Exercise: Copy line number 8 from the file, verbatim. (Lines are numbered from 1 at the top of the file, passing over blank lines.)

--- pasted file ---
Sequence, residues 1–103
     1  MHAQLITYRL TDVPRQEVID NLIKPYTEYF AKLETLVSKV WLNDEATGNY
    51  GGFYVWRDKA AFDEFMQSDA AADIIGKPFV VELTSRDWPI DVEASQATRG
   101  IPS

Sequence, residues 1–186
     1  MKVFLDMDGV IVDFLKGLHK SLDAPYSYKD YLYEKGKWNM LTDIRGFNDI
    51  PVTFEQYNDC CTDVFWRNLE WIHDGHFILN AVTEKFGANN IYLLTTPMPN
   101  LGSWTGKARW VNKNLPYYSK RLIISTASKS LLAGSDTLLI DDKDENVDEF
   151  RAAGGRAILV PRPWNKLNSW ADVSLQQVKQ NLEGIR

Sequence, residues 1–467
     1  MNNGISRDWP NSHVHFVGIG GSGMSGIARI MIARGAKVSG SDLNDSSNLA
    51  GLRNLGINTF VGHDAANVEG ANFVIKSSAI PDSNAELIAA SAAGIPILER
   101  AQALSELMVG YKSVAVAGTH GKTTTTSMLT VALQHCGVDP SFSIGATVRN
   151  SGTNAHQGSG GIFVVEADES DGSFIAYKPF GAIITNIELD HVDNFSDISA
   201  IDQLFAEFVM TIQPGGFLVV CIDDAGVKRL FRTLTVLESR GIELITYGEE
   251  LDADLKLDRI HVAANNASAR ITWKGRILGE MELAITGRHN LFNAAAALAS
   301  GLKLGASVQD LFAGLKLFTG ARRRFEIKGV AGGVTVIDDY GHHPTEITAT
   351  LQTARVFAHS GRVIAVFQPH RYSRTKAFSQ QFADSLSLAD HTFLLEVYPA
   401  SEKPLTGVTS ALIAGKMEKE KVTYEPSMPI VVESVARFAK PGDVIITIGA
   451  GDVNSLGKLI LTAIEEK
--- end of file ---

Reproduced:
   101  LGSWTGKARW VNKNLPYYSK RLIISTASKS LLAGSDTLLI DDKDENVDEF